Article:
AU Graduates Digital Skills Profile Series – Week 1 (Francesca Hughes)

Blogpost by Laurie Stevenson (Student Digital Champion)

*Please read my first blog to learn more about our AU Graduate Digital Skills Profile Series*

Our first graduate interview is with Francesca who now works as a support secretary within the NHS and wished she had been able to improve her knowledge and proficiency using MS Excel before she graduated.

Our Digital Skills Festival (6-10 November 2023) has two events on using Excel for both everyday use as well as working with more complex data sets. For more information, and to book your space on any event at the festival, please have a look at the programme.

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When did you graduate from AU?

What did you study? – Criminology

What are you doing now professionally since graduating? – I am working for the NHS as a Support Secretary in the Oncology Dept. of the Royal Shrewsbury Hospital

What digital skills do you use in your job? –

Digital Collaboration and Communication- “sending emails and using MS Teams to communicate with colleagues”.

Digital Problem Solving- “the NHS uses lots of old systems so I am often dealing with software crashing, computers freezing, file corruption and deletion”.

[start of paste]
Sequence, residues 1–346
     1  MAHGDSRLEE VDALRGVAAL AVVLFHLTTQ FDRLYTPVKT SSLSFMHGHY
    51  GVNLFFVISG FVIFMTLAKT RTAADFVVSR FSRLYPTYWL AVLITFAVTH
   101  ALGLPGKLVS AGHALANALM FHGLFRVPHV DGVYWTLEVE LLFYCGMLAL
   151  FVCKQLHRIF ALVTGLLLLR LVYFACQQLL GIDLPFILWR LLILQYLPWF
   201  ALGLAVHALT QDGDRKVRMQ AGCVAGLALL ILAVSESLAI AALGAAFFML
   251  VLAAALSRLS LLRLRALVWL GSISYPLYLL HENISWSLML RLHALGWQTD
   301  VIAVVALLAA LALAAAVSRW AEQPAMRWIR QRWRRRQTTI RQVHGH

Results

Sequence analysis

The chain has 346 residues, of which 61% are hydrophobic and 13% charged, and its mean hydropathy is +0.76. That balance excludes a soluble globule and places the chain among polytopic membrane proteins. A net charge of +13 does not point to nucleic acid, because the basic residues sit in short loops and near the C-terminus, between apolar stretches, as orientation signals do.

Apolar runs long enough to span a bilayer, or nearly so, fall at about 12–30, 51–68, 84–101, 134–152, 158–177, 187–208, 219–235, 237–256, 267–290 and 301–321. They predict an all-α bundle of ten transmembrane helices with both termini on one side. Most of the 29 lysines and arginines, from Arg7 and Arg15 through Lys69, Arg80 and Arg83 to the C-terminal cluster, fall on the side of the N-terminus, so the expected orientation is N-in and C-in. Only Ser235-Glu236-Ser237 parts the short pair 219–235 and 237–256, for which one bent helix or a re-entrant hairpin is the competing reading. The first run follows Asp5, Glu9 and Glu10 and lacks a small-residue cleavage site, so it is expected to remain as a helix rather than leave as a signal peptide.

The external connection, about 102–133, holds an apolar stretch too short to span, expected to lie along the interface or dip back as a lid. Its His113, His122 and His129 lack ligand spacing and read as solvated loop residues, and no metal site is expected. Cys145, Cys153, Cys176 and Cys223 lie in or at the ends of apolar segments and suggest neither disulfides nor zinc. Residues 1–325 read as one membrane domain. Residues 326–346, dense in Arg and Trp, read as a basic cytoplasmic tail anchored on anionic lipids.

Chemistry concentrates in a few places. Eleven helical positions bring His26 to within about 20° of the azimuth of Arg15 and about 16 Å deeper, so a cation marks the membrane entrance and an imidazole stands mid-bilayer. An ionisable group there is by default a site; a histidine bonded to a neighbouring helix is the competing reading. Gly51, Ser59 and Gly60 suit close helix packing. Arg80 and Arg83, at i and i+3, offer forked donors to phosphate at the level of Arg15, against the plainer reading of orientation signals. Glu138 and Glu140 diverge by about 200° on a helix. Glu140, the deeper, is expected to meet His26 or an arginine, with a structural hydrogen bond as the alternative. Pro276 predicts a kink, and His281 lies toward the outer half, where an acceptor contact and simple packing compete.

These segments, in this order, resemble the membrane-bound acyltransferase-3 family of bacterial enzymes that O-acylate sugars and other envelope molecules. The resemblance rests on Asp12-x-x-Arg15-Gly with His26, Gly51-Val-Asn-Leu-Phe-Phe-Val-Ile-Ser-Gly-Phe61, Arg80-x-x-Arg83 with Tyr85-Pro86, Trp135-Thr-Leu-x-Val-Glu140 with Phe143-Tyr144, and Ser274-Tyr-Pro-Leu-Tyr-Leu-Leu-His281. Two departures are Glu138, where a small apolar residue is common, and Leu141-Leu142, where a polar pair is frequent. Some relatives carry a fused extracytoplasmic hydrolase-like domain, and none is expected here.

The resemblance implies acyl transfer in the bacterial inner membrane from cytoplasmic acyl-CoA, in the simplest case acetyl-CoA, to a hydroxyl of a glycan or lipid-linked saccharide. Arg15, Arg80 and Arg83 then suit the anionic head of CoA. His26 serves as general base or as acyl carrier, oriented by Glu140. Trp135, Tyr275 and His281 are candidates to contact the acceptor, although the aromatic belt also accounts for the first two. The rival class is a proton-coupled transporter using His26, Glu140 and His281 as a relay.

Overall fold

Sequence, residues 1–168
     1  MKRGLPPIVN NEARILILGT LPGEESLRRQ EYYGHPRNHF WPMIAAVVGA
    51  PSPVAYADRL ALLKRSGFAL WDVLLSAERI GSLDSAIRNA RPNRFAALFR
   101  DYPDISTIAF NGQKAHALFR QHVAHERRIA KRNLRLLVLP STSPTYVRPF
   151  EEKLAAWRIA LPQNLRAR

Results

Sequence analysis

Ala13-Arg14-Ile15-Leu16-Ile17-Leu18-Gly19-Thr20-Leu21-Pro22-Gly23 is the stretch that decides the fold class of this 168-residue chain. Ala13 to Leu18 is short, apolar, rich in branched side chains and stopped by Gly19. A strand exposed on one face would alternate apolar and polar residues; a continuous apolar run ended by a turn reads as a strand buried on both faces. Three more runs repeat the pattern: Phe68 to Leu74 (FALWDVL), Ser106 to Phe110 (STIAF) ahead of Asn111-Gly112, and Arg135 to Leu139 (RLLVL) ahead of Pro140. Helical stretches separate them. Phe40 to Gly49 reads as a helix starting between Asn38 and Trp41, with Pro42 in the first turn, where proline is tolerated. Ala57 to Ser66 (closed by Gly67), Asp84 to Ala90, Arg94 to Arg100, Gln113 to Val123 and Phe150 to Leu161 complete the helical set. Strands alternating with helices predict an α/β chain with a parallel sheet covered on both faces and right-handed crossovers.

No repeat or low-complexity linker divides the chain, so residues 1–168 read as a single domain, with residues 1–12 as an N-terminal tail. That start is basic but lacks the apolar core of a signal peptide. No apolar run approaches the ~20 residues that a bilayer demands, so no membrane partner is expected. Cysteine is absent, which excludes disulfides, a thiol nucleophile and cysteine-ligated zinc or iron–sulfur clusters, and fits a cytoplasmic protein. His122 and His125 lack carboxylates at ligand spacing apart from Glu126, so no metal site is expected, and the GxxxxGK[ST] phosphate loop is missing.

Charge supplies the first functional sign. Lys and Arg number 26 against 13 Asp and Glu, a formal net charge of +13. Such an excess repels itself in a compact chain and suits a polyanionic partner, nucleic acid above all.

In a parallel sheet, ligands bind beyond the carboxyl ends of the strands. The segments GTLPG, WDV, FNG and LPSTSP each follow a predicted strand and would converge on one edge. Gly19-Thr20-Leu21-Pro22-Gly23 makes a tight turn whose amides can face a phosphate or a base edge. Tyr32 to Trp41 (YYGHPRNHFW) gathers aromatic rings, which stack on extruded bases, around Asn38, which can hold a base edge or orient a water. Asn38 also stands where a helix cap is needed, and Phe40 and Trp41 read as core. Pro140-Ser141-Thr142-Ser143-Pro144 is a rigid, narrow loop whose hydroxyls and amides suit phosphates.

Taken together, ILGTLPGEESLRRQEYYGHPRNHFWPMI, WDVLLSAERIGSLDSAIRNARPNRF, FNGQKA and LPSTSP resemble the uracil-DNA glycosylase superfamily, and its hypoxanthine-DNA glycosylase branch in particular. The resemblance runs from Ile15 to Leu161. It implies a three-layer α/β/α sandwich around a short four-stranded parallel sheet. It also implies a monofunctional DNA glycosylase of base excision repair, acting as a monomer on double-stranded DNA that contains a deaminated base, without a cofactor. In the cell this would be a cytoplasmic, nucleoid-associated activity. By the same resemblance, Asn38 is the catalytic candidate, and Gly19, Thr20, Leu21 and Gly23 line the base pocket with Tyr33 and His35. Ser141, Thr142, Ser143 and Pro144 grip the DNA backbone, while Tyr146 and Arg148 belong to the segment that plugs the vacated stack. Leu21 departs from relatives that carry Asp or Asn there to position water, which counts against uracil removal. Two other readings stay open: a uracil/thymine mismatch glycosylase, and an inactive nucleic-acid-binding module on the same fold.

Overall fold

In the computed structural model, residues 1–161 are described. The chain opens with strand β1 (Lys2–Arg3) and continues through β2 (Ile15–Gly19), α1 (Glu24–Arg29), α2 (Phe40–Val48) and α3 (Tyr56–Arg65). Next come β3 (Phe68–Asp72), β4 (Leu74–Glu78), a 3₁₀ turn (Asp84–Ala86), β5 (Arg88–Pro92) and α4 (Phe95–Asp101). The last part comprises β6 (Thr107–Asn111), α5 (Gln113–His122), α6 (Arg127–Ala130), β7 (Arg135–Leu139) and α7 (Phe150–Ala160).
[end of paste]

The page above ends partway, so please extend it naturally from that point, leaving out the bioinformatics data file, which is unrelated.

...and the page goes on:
Digital Learning- “I had to learn how to use Excel for spreadsheets and how to use the NHS digitally automated lettering system for completing patient details on forms”.

Digital Identity- “the NHS has guidelines on how to present yourself online and how to properly handle patient data according to data protection regulations.”

Are there any digital skills you wish you had learnt before you graduated?

“I wish I had used all the resources available to me and explored them more rather than just using them for what was needed in my modules and assignments. I also wished I had explored or been taught more on Excel because I use it so much in my job and I think I only really knew the basics coming into it”.

Are there any common weaknesses in digital skills you notice amongst your colleagues?

“Yes, definitely massive weaknesses in digital problem-solving skills around knowing how to fix technical issues when they happen as well as information literacy skills around general computer use”. 

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